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Sustainable Steel

Sustainable Steel

Welsh Consultants examines the sustainability of Steel as a Commodity in this white paper- Steel is everywhere in our daily lives from buildings and vehicles to the tin can that conserves food safely for months or years. It is the world’s most important engineering material. Nonetheless producing steel is extremely energy intensive. However, once produced, steel can be used again and again. With a global recovery rate of more than 70%, steel is the most recycled material on the planet. What’s more, 97% of by-products from steel manufacturing can also be reused. For example, slag from steel plants is often used to make concrete.

Welsh Consultants examines the sustainability of Steel as a Commodity in this white paper- Steel is everywhere in our daily lives from buildings and vehicles to the tin can that conserves food safely for months or years. It is the world’s most important engineering material. Nonetheless producing steel is extremely energy intensive. However, once produced, steel can be used again and again. With a global recovery rate of more than 70%, steel is the most recycled material on the planet. What’s more, 97% of by-products from steel manufacturing can also be reused. For example, slag from steel plants is often used to make concrete.

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Sustainable Steel

  1. 1. STEEL TODAY & THE FUTURE DEVELOPMENTS Sustainable Steel Steel is everywhere in our daily lives from buildings and vehicles to the tin can that conserves food safely for months or years. It is the world’s most important engineering material. Nonetheless producing steel is extremely energy intensive. However, once produced, steel can be used again and again. With a global recovery rate of more than 70%, steel is the most recycled material on the planet. What’s more, 97% of by-products from steel manufacturing can also be reused. For example, slag from steel plants is often used to make concrete. Thanks to continuous improvement of steelmaking processes, it now takes 50% less energy to make a tonne of steel than it did thirty years ago. Using less energy means releasing fewer greenhouse gases, a key factor in combating climate change. Indeed, considered over its entire lifecycle, steel products can have less environmental impact than products made from alternative materials such as aluminium or plastic. Moreover, today’s advanced high-strength steels are stronger and lighter, so less steel is required to deliver the same structural integrity. A lighter car or cargo ship will be more fuel efficient, reducing their greenhouse gas emissions. Steel also has an important role in the world’s growing infrastructure for renewable energy. The latest steels are enabling taller, stronger, lighter-weight towers for wind turbines, increasing their efficiency and reducing the carbon emissions associated with their construction by up to 50%. New roofing systems combine photovoltaic cells with galvanised steel panels. Steel producers are even working with the solar industry to explore innovations such as roofing coated with dyes that can directly generate electricity. At the same time, steel plants are cleaner and safer than ever before. Improving health and safety is a key industry goal, with manufacturers continually striving to reduce accidents at work. As a result, the industry’s lost-time injury frequency rate halved between 2004 and 2009 – the industry is now aiming for an injury-free workplace. Co-Operation on ‘Greener’ Cars A modern car consists of around 50-60% steel. Over the years, steelmakers and the automotive industry have worked closely to make cars stronger, safer and rust resistant. Advanced high-strength steels can reduce lifetime greenhouse gas emissions of a typical five passenger vehicle by 2.2 tonnes. And the industry is working to go further. In the 1990s already, the Ultra-Light Steel Auto Body (ULSAB) programme showed ways to achieve weight reduction with a body that fulfils or exceeds performance and crash-resistance at potentially lower cost. A similar programme for electric vehicles, Future Steel Vehicle (FSV), whose results were released in 2011, revealed potential reductions to total life cycle emissions by nearly 70% compared to a current benchmark vehicle. This was achieved through 97% use of High-Strength (HSS) and Advanced High-Strength Steels (AHSS). W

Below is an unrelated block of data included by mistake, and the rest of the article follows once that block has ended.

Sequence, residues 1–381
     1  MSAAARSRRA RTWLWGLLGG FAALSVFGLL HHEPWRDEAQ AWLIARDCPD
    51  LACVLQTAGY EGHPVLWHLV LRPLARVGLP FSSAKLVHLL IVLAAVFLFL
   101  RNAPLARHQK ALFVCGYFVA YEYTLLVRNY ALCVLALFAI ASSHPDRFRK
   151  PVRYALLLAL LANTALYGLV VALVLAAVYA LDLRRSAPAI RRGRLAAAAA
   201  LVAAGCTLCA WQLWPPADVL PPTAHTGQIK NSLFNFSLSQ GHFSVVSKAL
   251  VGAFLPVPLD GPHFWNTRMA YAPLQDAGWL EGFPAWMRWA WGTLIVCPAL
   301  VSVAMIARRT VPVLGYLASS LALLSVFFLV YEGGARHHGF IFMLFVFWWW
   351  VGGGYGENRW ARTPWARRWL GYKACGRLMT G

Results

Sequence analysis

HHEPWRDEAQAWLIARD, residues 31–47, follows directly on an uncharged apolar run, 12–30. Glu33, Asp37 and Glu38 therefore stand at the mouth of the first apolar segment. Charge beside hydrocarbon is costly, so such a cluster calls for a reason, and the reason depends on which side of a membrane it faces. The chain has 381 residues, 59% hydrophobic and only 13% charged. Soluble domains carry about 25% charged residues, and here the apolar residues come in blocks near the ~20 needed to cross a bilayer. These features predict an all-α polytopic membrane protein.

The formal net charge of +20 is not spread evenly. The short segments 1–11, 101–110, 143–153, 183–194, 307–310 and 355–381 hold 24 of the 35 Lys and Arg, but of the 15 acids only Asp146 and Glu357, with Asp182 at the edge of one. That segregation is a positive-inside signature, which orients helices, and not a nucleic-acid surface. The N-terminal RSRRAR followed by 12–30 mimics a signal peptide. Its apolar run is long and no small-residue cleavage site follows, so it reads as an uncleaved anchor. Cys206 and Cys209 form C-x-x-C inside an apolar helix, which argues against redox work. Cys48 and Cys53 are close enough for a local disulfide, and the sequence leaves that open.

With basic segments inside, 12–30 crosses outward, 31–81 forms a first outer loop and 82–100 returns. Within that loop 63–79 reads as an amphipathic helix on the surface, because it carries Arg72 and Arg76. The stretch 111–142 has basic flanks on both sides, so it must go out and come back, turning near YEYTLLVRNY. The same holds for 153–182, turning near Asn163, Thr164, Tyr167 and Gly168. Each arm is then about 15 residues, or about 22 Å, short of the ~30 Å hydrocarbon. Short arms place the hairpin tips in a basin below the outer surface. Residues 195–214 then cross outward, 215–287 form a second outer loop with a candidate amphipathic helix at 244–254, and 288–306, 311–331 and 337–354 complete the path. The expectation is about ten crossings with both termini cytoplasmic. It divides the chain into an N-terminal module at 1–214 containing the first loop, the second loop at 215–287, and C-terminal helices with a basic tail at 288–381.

2. 2. STEEL TODAY & THE FUTURE DEVELOPMENTS A Steel Future? Steel has played a vital enabling role throughout much of human history. It was the material of the highest-prized tools in the Iron Age and the most feared weapons in the Middle Ages. It was the material that drove the Industrial Revolution, and underpinned the economic development of countless countries. But steel isn’t just the material of our past. It will play an equally important role in our future. The world’s population is increasingly urban. In 2010, around half of us lived in towns or cities. By 2050, it will be around 70%. To handle this migration, cities are expanding rapidly to become mega- cities. Building these mega-cities is going to take a lot of materials, not least of which is steel. Housing and construction already consume 50% of all steel produced. As urban population densities increase, so too does the need for steel to build skyscrapers and public-transport infrastructure. The energy needs of emerging countries call for continuing exploration and production of hydrocarbons from conventional and non- conventional sources (shales) and from increasingly demanding environments. The steel industry is delivering the necessary hardware with environment friendly technologies. Elsewhere, concerns over carbon dioxide emissions, climate change and the availability of fossil fuels are driving the demand for renewable energy sources. Steel is a major material for many of these including solar, tidal and wind power grids, and pipelines for water, gas and resource management. Spurred on by the growth of renewable energy, the steel industry is redoubling its efforts to improve sustainability. Great strides have been made in the past 25 years. Carbon is a fundamental ingredient of the blast furnace process, and currently carbon dioxide emissions are an inevitable – if unwanted– result of steelmaking. But will this always be the case? The steel industry spends €12 billion per year researching new processes, products and breakthrough technologies – reducing carbon dioxide emissions is a key focus, not only in the steelmaking process, but also by using steel as a solution to help reduce emissions in other product applications. We do not yet know where this research will lead, but as has been the case in history, innovations in steel will always play a critical vital role in helping mankind meet its future challenges. Innovating Together Steelmakers worldwide continue to improve processes and create new steels for new purposes. Many have their own R&D organisations, but partnership is also a hallmark of steel innovation. For instance, POSCO and Siemens VAI jointly developed the Finex process, a lower cost, more environmentally friendly alternative to traditional blast furnaces for producing hot metal. The industry-wide Future Steel Vehicle initiative aims to bring more than 20 new grades of lighter weight, cheaper advanced high-strength steels to the market by 2020. There is widespread participation in programmes to reduce CO2 emissions such as ULCOS in Europe, Course 50 in Japan and the AiSi CO2 Breakthrough Programme in North America. And the industry is increasingly adopting a life cycle approach to increase efficiency, re-use and recycling at every point of a product’s life cycle from raw material extraction to recycling of end-products. W